5. 5. One solution is to talk about the nature of science. The lab is good place to learn aboutthe nature of science.Teaching StrategiesTeaching nature of science (and error, in particular) requires a shift in emphasis. No amountof scientific content alone will ever be enough to develop full scientific literacy. Nature ofscience lessons must be inserted in the standard curriculum and regularly reinforced toencourage habits of mind. Several strategies may help:Laboratory exercises and active reflectionMany ideas about the nature of science are implicit in laboratory exercises, long a part ofscience education. However, teachers deepen such lessons by making them explicit. Inparticular, active student reflection and interactive discussion help. Personal investigationoffers a strong occasion for learning about the relevance of empirical data, to assess theneed for controls, and to avoid making hasty conclusions about causes based only oncorrelation.Black-box exercises or mock-forensic activities (see “get involved” links at end ofarticle) can also highlight (with some fun!) model building, model testing, interpretationof evidence, and model revision—and how each contributes to the blind, trial-and-errorprocess of investigation. Historical case studies present another opportunity. Currentevents also offer timely investigations.Historical and current cases studiesDeeper lessons come through studying real scientists at work. Great discoveries of the pastoffer a great opportunity to dissect the process of science.4 Students may even be challengedwith the questions or data of famous scientists, to appreciate science-in-the-makingthemselves. History is especially important for exhibiting the social and cultural contexts ofscience and for seeing how mistakes are later resolved.Current events also offer great occasions for learning. For example, just as I write this, thenews media is reporting on a 1998 study that linked childhood vaccinations with autism. Thestudy used a small sample (12 children) and relied substantially on parents’ memories. It hasbeen widely discredited. Now, disclosure of a conflict of interest for the lead author has ledto a formal retraction of the original paper. The case is a prime opportunity to introduce anddiscuss the problems of credibility, experimental design, motives, and professional ethics.Quality television shows (such as NOVA) also offer glimpses into the human side of science.Teachers can help students delve beyond any immediate “ooh-aah” response (based on thescience itself) to consider the nature of science as an enterprise. Be selective with TV showsto ensure they cover real science.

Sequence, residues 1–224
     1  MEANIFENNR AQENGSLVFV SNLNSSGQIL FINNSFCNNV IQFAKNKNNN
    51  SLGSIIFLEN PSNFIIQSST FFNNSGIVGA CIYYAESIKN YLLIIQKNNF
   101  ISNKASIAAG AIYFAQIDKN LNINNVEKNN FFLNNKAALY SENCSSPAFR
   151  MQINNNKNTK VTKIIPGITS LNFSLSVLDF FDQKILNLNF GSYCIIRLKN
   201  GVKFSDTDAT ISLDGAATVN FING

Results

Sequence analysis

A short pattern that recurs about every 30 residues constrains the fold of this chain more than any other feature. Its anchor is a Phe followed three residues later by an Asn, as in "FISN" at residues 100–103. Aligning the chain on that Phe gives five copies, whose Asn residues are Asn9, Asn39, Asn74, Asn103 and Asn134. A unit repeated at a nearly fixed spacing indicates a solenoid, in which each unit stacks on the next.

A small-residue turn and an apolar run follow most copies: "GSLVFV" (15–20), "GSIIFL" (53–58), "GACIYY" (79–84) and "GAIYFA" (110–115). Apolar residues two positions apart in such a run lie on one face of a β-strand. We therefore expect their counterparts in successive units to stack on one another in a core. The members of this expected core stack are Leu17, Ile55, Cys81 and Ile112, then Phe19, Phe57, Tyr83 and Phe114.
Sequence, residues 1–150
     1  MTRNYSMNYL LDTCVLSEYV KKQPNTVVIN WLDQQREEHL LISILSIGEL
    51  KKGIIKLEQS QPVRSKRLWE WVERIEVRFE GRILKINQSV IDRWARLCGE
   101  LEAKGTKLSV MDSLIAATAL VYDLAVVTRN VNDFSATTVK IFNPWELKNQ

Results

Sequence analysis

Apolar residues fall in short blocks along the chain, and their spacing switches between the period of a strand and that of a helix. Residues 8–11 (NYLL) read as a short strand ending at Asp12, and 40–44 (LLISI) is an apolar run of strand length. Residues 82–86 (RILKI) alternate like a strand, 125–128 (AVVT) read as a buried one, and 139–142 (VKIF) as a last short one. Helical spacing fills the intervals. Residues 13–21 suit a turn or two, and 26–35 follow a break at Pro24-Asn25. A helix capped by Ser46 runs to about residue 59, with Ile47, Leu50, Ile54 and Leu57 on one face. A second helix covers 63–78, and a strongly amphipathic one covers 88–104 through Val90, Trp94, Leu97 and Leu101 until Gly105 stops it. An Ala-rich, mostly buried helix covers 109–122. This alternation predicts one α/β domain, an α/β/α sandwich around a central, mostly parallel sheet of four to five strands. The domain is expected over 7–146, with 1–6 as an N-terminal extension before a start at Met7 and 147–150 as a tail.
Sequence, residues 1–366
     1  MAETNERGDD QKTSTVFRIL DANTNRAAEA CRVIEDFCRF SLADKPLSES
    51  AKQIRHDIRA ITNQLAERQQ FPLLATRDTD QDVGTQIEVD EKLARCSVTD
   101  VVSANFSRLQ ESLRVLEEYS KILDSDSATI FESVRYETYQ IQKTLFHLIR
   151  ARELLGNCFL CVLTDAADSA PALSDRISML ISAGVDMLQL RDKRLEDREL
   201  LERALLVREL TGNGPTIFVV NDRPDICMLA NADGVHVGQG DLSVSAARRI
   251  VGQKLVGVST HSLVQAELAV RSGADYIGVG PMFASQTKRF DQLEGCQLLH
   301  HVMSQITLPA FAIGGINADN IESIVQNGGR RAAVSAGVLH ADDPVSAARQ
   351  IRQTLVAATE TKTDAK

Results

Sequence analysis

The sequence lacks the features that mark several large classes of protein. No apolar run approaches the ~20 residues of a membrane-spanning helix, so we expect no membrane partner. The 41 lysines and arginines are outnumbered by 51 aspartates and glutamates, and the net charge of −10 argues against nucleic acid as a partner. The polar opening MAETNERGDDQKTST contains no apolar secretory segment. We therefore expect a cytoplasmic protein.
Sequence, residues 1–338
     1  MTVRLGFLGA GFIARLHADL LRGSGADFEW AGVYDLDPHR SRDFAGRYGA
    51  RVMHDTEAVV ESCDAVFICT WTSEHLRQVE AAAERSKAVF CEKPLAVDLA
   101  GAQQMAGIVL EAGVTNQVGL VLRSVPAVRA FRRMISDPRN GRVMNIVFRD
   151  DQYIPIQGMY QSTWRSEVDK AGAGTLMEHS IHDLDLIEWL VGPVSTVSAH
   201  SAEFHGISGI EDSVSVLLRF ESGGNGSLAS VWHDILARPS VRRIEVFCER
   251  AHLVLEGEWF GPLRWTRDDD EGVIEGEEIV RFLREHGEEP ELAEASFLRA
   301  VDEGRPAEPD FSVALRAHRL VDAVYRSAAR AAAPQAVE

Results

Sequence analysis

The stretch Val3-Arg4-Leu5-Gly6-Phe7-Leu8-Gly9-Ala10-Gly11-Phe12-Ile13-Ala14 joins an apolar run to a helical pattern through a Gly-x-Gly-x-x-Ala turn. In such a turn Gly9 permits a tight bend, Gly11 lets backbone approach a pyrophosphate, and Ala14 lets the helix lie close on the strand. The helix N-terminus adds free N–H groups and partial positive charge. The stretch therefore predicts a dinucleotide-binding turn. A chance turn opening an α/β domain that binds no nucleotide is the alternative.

6. 6. Cautionary note: Many public presentations of science are overdramatized. Critical distanceis warranted for accounts that monumentalize heroes or try to draw “real lessons” from anidealized story. For cases to foster understanding of the nature of science (not just blindcelebration of its achievements), they must be honest about flaws, missteps, and the humancontext of science.Echoing the lesson periodicallyFinally, as with any important theme, learning deepens with repeated exposure. One brieflesson devoted to the nature of science, especially with inexperienced students at thebeginning of a school year, will hardly suffice. Rather, small lessons and commentsintroduced throughout the year help create more lasting understanding.© 2004, American Institute of Biological Sciences. Educators have permission toreprint articles for classroom use; other users, please contact editor for reprintpermission. See reprint policy.About the author: Douglas Allchin, Ph.D., is a historian and philosopher of biologyat the University of Minnesota. He edits the SHiPS (Sociology, History, andPhilosophy of Science) Resource Center for teachers using history and philosophy inscience classes(www1.umn.edu/ships). He received his doctorate in history andphilosophy of science from the University of Chicago.http://www.mcps.umn.edu/members.html#FEL